Today, credit cards are a way of life and we simply can’t do without them. They have gone as far as being such a huge contributing factor to our economy that it’s hard to imagine life without them. They are firmly the wheels that keep the economy alive and kicking, and many cardholders really depend on them.
For older citizens, however, credit cards may be confusing. Senior citizens did not grow up with credit cards in the way that many younger people did. In addition, senior cardholders may have different needs than the average credit card user.
According to NCOA, that’s the National Council on Aging, around 60% of the 60-year-olds and above are in debt. And, most of that debt is credit card debt. So, we credit this guide to help senior citizens cardholders use their cards responsibly and to their advantage.
Shred All Receipts With Your Credit Card Number
If you’re young know, even without a reminder, that you can’t leave your credit card information out there for the public to access. The senior citizens, on the other hand, need to be reminded that they shouldn’t do that either. Whatever your age, never leave your receipt unshredded.
When you shred that receipt with your credit card number and other info about your card, it makes it harder for criminals to get a hold of your credit card. Your card may be used for criminal activity if you keep on leaving your receipt unshredded. Also, you may incur more debt, if the unscrupulous person uses the card for a shopping spree. Responsible cardholders always protect their credit information.
Unless You Initiate The Call, Never Give Out Your Card Info
It has to be stressed out that unless you’re the one who initiated the call, never give out your credit card info. When you are the one initiating the call, it means you called the right number that’s at the bottom of your card. Some scammers may call you and pretend like they are the issuer and ask for information on your card.
Especially, when it comes to offers, always be skeptical of them until you do your own research conclusively. When it comes to cards, anyone can be scammed, but you’re a vulnerable target since you’re a senior citizen. Be skeptical of all offers at first, until you can validate them.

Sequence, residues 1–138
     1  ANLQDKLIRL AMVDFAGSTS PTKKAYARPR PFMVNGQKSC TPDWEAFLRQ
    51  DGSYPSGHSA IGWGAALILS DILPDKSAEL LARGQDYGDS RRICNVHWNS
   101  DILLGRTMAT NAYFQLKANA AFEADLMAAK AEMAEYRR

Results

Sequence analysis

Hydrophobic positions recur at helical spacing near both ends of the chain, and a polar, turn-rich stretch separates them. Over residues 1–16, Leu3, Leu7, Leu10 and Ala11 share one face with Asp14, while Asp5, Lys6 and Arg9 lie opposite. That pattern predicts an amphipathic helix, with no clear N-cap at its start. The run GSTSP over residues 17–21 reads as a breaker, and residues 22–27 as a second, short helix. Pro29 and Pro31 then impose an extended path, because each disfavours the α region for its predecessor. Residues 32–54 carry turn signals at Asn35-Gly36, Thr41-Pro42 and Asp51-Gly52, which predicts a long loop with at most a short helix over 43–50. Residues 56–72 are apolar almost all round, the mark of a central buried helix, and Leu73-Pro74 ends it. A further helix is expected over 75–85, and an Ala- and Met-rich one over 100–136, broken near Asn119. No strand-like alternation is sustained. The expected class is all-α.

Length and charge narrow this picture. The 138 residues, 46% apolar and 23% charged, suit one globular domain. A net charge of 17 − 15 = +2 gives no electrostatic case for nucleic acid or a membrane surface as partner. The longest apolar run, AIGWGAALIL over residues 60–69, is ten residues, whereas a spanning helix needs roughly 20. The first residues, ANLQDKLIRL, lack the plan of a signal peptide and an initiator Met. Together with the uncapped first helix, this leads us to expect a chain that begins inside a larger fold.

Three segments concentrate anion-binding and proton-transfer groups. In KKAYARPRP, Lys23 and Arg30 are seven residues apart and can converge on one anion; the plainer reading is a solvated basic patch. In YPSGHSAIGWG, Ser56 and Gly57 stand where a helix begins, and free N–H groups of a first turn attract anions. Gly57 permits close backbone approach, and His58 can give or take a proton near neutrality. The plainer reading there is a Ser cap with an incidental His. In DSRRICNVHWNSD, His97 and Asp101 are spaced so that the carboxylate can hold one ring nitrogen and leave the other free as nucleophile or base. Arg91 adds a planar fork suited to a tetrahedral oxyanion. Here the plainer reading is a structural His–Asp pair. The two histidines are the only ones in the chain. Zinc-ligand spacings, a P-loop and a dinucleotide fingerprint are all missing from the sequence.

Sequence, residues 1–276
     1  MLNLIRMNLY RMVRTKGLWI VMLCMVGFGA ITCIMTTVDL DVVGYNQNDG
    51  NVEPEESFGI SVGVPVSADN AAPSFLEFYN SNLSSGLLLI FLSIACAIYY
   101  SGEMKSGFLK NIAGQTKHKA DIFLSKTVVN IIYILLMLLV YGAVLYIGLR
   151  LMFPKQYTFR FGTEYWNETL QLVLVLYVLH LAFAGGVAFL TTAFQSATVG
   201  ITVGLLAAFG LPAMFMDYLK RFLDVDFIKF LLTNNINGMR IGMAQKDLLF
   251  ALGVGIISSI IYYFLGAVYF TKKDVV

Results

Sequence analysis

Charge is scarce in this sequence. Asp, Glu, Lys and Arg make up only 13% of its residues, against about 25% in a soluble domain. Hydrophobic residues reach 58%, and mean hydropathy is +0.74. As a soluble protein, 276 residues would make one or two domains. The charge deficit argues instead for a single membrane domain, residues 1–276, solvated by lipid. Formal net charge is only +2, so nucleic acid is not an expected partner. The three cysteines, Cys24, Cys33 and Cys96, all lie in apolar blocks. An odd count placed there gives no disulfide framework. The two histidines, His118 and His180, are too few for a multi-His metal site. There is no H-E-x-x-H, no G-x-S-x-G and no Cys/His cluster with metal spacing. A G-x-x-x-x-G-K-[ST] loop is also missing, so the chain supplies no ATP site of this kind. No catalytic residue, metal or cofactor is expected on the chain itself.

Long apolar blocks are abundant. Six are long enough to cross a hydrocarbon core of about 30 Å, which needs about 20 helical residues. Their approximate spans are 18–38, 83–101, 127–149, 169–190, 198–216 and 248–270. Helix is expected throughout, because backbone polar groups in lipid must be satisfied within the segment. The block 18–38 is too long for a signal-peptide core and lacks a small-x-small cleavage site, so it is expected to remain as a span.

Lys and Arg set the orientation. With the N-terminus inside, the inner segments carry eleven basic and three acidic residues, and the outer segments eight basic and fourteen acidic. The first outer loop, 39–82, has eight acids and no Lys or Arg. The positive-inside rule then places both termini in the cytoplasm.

When you find out that they are true and the offer does exist, don’t be in a rush to jump at it. Take your time to find out if it suits you. Sometimes we are too careful of the scammers out there that when we find out the offer is real we just jump at it.
But that can be detrimental too. You need to find out if the offer works for you or not, if it brings any value to your financial life or not. You certainly don’t want to incur more debt, in the name of offers.
One thing you don’t want to do is stay isolated from people. This usually happens when you feel you’re getting it all wrong when it comes to your credit card. At times you leave your kids to take care of your credit card without getting involved.
But it’s good to stay involved with what’s going on. That’s how you won’t get into a bad situation. It then helps you understand more of the new traits being used by the younger generations when it comes to credit cards.
The perks you read about that are associated with credit cards can and should be redeemed. Whether it is converting them to miles or gift cards or cash, they should be used. After all, you did earn them. Most seniors just spend, spend, and spend some more on their credit cards without redeeming the perks that come with the spending. However, using rewards is the main benefit of having a credit card.
Credit cards are the cornerstone of the American economy, and maybe other economies too. And, senior citizens aren’t exempt as they too use them for their daily spending. These are just some of the tips and practices they should adapt to ensure the cards don’t become a burden to them in their old age. In fact, there are great tips for all cardholders, no matter their age.
*Note: There are risks involved when applying for and using a credit card. Consult the bank’s terms and conditions page for more information.